Right before dinner, when I finally woke up, we were much further along into packing than Jared had feared we would be. Huge thank you the LCO crew who got us off the telescope so quickly, then helped us even more this afternoon to get MagAO-X in its shipping box. After a leisurely meal, the AZ crew headed back to the clean room and started corralling our doodads into the right corners.
We start again bright and early at 8:30am to finish prepping ourselves and the instrument for the long flight to Tucson. Think of us, as we all try the magic trick of switching to a day schedule on a days’ notice.
With things going smoothly, we seem to now have this mythical thing called “free time” and with it the team sneaked in a little wildlife spotting:
With these fancy new phone cameras, some team members are getting particularly good at the artistic type of astro-photography:
But wait! Where did Jialin and Jay go?? Rumor has it they got out just in time, and are having plenty of good adventuring before their 24hr journey to the US. Travel safe friends! See you Tucson.
Some pre-airport fun
Song of the day:
As we watched the seeing mysteriously dip last night just as we thought about calling it, Jared goes “you know that song, the Wellerman”? To Jared’s surprise and chagrin, I had completely missed the entire TikTok trend of covering this New-Zeland Sea ballad. It became popularized by Scottish singer Nathan Evans around 2021 but the original tune can be tracked back to the 1830s. It loosely follows a Moby Dick-esq narrative of a whaling ship being dragged along by an unattainable whale. Jared goes on to explain that the tantalizing 0.5 arc second seeing is our white whale, dragging us on until the last possible photon. With the night and the run ending, this felt more true than ever.
“The Wellerman” seems like a fitting song of the day, and of course I have heard it, all it took to remember was a quick search. How could I forget it? I love a good folk tune… love a Scottish accent… but wow I love a old sea song! What the conversation with Jared reminded me of is that, though I don’t really care for metal, heavy metal, etc… I LOVE Pirate metal. People yelling in general angst? I’ll pass. People yelling about the high seas? Sign me up. A fellow friend in the AO research field and bassist in their own right introduced me to Alestorm a few years ago, an Scottish band that exclusively does pirate metal. I haven’t gotten to see them in concert… YET, but I take this band as the single most impactful recommendation music-wise I’ve ever gotten. So in honor of our telescopes and how successful this run has been, I’ve picked their song “Magellan’s Expedition” for today.
“Magellan’s Expedition” by Alestorm
As a bonus, here is Alestorm covering “The Wellerman” because of course they did, everyone covered it, even Kids Bop 2022.
This evening Dr. Matías Díaz, a support astronomer here at Las Campanas Observatory, helped us take a next-level team photo.
Thanks for taking the video with your drone, Matías!
Of course, we have more people in our group than pictured, and by the time we visit again in 2024A (!) we’ll probably have even more new members. By then I will have decamped for the Flatiron Center for Computational Astrophysics in New York, but it’s famously hard to see stars there. Maybe they’ll invite me back.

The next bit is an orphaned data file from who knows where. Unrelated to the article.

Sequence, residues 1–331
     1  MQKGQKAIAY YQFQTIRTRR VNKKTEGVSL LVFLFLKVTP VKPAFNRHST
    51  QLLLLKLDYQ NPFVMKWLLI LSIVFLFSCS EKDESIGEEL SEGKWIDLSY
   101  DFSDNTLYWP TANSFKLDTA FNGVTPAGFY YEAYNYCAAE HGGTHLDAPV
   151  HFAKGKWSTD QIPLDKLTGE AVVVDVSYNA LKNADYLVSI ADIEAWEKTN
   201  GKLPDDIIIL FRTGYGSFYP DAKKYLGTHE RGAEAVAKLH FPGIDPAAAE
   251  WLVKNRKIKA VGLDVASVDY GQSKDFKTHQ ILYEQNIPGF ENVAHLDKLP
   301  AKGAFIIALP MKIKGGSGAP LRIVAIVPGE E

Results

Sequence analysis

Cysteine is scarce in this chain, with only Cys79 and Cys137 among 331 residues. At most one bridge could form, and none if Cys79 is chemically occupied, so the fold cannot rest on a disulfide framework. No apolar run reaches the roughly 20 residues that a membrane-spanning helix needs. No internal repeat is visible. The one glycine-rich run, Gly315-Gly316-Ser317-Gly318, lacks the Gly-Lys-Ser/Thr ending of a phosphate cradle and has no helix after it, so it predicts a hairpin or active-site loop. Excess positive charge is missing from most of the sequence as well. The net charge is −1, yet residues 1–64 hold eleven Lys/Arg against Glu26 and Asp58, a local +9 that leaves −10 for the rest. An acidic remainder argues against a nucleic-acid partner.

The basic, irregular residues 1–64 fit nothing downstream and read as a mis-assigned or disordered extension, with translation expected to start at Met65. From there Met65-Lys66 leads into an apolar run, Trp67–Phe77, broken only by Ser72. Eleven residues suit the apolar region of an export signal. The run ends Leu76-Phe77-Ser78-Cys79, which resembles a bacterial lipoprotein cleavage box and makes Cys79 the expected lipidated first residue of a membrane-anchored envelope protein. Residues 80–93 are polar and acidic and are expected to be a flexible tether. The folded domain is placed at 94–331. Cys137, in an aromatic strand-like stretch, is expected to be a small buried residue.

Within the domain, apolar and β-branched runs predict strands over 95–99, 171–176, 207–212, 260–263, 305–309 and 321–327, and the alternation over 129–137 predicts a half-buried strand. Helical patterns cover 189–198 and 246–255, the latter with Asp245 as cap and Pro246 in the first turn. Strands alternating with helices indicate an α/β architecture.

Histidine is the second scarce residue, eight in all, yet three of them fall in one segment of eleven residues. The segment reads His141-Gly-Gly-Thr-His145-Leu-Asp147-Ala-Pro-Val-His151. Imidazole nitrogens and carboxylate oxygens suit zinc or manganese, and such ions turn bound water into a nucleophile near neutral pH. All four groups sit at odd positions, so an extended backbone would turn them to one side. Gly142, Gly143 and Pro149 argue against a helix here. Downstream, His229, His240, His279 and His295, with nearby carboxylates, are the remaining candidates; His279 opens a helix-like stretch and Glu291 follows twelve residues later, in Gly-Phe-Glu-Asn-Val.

It’s our last night on sky, which is always bittersweet. Tomorrow’s a long day of removing from the telescope. So, what have we got to show for the past 22 days?
14 terabytes of high-contrast astronomical data (and counting)
a new observing mode that keeps light where it should be, allowing us to pass these savings on to the consumer (shout-out to Ms. Lowfs)
a handle on our induced DM ✨sparkles✨, which will let us unravel the profound mysteries of pyramids (thanks Eden McSparkles)
a lot of improvements to VIS-X (gaan met de banaan, Dr. Haffert)
We’re about to commission our knife-edge coronagraph, but this blog post can’t wait. It’s time for the prospective students to choose their Ph.D. institutions, and we must put our best foot (feet?) forward.
Song of the Day
“Anemone” by Brian Jonestown Massacre
I went to a liberal arts college, which makes some people assume I didn’t study physics or something. In fact, astronomy is one of the quadrivium of artes liberales, and my college had a Department of Mathematics and Astronomy before it had a physics one. It’s physics now, though. So there.
Still, a smaller student body and more flexibility in courses of study meant some interesting cross-pollination between departments. One of my classmates in Advanced Intro Astronomy was named Maurissa, and she was actually a music major. She took astronomy with us, but she also had a band, did stuff with electronics, and was in a Balinese gamelan ensemble. Anyway, she was the one who introduced me to Brian Jonestown Massacre, the above psych-rock band with good vibes.
Bonus Song of the Evening
Sometimes you don’t need something musically interesting, and swoopy synths suffice. Anyway, the blog title reminded me, and after all—we are almost home.
“Almost Home” by Above & Beyond and Justine Suissa
Whelp, it’s getting to be that time. The sun is rising as I type, and it’s officially the 16th. Tonight is our last night on the Clay for 2023A, and tomorrow morning we tear it all apart, box it up, and GTFO.
Another night of awesome seeing let us all catch up on some coding and analysis.
Several coronagraphs where harmed in the making of this image (or at least made to deliver). And note that none of us were the ones actually studying.The cleanroom Viznitches were there to say hi as I walked up.Uno Dos
The conclusion of my concert story, which started with the surprise KoRn and went though an awful Marilyn Manson performance, is the band we actually went to see: Danzig. It was every bit as good as one could hope. We were right in front for the whole show. At one point Glenn Danzig reached out and clasped Ben’s hand – legendary. Here is Danzig’s iconic “Mother”:
Danzig “Mother”. Sorry if you have to “Watch on YouTube”